A mandolin (Italian: mandolino) is a musical instrument in the lute family (plucked, or strummed). It usually has four courses of doubled strings. The (usually) two strings in each course are tuned in unison. The courses are tuned in a succession of perfect fifths, and plucked with a plectrum (pick). It is the soprano member of a family that includes the mandola, octave mandolin, mandocello, and mandobass. It descends from the mandore.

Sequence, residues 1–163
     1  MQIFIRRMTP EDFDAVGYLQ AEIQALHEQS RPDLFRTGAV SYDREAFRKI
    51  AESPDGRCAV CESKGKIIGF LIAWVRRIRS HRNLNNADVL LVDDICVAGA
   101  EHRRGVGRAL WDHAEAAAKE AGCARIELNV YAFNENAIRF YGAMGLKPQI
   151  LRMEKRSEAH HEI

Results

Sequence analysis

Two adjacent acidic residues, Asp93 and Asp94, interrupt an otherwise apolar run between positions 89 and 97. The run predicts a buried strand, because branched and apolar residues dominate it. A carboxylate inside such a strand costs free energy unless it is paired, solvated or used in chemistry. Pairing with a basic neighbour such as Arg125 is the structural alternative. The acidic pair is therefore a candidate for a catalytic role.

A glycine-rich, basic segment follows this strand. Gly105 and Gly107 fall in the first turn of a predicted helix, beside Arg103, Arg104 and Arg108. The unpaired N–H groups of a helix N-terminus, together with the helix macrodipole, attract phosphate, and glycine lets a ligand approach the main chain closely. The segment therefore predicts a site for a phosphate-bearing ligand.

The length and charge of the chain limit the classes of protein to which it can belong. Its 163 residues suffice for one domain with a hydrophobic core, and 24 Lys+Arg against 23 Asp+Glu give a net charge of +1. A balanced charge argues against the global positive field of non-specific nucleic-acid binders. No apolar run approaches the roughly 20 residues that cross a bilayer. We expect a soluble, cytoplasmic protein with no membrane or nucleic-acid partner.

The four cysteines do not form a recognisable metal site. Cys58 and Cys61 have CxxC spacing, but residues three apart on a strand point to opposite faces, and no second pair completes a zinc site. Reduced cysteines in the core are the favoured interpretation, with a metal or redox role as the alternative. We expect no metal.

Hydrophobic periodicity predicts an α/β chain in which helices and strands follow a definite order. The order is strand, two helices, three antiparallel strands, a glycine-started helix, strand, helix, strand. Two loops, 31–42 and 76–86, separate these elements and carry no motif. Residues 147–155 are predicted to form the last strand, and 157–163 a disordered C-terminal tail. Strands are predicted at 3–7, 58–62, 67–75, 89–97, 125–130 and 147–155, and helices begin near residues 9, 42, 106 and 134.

Many classical composers composed works specifically for the Mandolin. Beethoven composed mandolin music and enjoyed playing the mandolin. The opera Don Giovanni by Mozart includes mandolin parts, including the accompaniment to the famous aria Deh vieni alla finestra. Also very well known are the mandolin concerti by Vivaldi. Gustav Mahler used the mandolin in his Symphony No. 7, Symphony No. 8 and Das Lied von der Erde. Some 20th-century classical composers also used the mandolin as their instrument of choice (amongst these are: Schoenberg, Webern, Stravinsky).